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Adirondack Explorer

July, 2012

Dragonflies and Dameselflies of the East
Author: Dennis Paulson

Review by: Ed Kanze

Another fine new field guide useful to Adirondack naturalists is Dragonflies and Damselflies of the East by Dennis Paulson (Princeton University Press, 2011). This book contains such a wealth of detail and natural history that it may initially overwhelm the user. Still, it’s hard to argue with the author’s efforts to show and tell all we need to know. Dragonflies make themselves known in every corner of the Adirondacks in every season but winter. Paddlers may duck as big ones fly by, or they may pause to admire the dazzling colors of a northern bluet, a tiny and delicate damselfly, >>More


July, 2012

Peterson Field Guide to Moths of Northeastern North America
Author:

Review by: Ed Kanze

Every once in a long while a new field guide comes along to revolutionize and reinvigorate its particular corner of the genre. Such a book is the new Peterson Field Guide to Moths of Northeastern North America, just out from Houghton Mifflin Harcourt. Despite the presence of his name on the cover, the author is not Roger Tory Peterson (1908-1996), who helped inspire millions to chase and study birds and wildflowers during a long and distinguished career. Peterson launched the series, but credit for this book goes to its Canadian coauthors, David Beadle and Seabrooke Leckie. Moths, you say? I >>More


September, 2011

Hawks at a Distance: Identification of Migrant Raptors
Author: Jerry Liguori

Review by: Ed Kanze

Is there a thrill in birdwatching— and for that matter in hiking and mountaineering— half as electrifying as standing atop a rocky summit on a crisp fall day, watching a hawk, falcon, or eagle shoot low over your head? You peer into the raptor’s keen eyes with awe and a touch of fear. Fear—because you sense that the predator is sizing you up. If it were bigger and you smaller, the encounter might end differently, and both you and the bird know it. Autumn hiking and watching hawks go together like clams and chowder. The reason is practical. Raptors traveling >>More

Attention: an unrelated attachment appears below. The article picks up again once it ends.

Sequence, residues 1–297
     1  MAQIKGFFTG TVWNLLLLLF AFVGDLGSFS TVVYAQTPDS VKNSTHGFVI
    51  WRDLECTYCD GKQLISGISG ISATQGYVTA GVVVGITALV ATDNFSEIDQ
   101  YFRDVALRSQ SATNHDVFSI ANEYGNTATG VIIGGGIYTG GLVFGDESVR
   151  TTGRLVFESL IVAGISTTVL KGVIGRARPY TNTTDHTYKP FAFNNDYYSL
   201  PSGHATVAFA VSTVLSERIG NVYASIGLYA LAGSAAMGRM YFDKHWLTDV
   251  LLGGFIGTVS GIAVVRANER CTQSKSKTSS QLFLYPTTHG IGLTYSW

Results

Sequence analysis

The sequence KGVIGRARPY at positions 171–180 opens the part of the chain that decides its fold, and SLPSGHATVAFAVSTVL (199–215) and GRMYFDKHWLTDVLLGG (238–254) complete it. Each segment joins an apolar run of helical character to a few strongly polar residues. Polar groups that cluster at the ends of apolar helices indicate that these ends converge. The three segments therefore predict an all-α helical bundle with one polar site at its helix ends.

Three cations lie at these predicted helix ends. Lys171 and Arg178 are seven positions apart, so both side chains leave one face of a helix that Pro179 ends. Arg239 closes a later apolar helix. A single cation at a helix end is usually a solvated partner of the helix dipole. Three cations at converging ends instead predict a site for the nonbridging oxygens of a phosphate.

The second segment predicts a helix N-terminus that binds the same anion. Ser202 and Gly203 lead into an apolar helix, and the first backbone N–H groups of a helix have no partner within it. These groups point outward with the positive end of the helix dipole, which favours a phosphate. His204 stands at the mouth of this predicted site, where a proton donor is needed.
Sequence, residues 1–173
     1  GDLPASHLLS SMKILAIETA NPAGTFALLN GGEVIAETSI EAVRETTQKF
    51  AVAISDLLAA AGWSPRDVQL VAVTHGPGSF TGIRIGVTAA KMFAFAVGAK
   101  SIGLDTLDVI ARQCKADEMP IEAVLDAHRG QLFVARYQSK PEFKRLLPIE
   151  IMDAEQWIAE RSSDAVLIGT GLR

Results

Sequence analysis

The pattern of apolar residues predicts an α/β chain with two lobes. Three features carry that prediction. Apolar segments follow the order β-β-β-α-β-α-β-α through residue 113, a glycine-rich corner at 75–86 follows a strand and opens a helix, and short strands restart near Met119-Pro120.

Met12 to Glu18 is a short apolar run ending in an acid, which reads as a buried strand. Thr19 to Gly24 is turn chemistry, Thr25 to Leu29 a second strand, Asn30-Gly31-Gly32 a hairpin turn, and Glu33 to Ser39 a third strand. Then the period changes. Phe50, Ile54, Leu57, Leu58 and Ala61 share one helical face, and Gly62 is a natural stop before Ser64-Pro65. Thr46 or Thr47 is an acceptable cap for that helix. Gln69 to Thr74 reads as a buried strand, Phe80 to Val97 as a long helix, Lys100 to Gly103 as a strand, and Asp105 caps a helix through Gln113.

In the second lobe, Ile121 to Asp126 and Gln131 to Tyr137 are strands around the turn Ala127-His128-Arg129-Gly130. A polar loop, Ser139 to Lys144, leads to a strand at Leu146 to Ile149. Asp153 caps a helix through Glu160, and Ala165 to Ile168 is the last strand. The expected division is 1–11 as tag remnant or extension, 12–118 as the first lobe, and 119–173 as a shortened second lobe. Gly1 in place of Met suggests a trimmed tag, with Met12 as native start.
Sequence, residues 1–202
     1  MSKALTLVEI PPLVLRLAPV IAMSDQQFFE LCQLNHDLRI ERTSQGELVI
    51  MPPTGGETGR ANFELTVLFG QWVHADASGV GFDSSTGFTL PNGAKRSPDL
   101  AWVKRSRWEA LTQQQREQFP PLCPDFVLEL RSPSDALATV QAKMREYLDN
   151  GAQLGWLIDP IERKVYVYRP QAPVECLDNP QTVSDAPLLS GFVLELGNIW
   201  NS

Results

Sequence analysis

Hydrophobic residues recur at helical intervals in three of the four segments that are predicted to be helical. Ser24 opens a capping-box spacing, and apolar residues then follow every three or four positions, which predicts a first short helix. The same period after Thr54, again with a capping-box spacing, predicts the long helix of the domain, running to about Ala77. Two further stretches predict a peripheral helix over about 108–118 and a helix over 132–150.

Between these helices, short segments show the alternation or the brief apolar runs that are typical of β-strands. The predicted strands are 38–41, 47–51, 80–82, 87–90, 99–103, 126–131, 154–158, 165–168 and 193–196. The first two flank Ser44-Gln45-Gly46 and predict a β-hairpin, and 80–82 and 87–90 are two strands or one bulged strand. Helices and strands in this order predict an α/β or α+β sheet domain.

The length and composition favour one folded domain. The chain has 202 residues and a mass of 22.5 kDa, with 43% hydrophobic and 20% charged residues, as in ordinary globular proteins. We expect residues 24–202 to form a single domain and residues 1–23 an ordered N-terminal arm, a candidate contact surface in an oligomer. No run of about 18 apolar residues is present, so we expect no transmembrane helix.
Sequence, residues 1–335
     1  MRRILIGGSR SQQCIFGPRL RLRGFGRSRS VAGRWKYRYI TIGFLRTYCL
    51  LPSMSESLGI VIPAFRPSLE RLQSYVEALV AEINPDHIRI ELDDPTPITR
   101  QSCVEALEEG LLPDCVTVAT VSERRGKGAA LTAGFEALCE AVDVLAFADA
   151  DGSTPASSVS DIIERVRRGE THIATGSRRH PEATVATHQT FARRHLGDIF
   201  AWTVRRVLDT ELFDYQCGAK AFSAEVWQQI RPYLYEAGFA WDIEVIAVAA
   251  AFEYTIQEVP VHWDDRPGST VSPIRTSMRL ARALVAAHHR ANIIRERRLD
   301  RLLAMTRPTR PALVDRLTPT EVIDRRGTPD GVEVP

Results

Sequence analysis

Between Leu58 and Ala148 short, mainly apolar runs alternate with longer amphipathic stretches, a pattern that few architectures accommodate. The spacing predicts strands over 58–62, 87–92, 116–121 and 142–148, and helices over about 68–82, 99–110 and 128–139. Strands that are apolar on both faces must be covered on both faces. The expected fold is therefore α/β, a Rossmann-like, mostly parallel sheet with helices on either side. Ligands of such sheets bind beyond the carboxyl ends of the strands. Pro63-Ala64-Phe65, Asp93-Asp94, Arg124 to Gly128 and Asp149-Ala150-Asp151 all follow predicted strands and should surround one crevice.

May, 2010

Freshwater Fish of the Northeast
Author: David A. Patterson

Review by: Edward Kanze

WHY DO WE FIND FISH so appealing? After all, humans are hardly the piscivores ospreys and otters are. Yet fish and fishing have preoccupied the minds of men, women, and children as far back as history and archeology can plumb. The literature on fish and fishing grows more vast and diverse by the year. “A man may fish with the worm that hath eat of a king, and eat of the fish that hath fed of that worm,” says Hamlet. I grew up with a Shakespeare-brand fishing rod in my hands, and while I never thought about it then, today >>More


July, 2009

Adirondack Wildlife: A Field Guide
Author: James M. Ryan

Review by: Edward Kanze

For years, I lamented the fact that the great and celebrated corpus of Adirondack literature included so little about flora and fauna. The second (1982) edition of Paul Jamieson’s Adirondack Reader pretty much exemplified the state of affairs. Browse the index and you’ll see for yourself the scant attention Adirondack Mountain wildlife tended to receive from writers of literary bent. Happily, the times they are a-changin’. Curt Stager of Paul Smith’s College broke the field wide open a decade ago with the publication of his marvelous Field Notes from the Northern Forest (Syracuse, 1999). I’ve made contributions of my own, >>More


May, 2009

The Frogs and Toads of North America
Author: Lang Elliott, Carl Gerhardt, and Carlos Davidson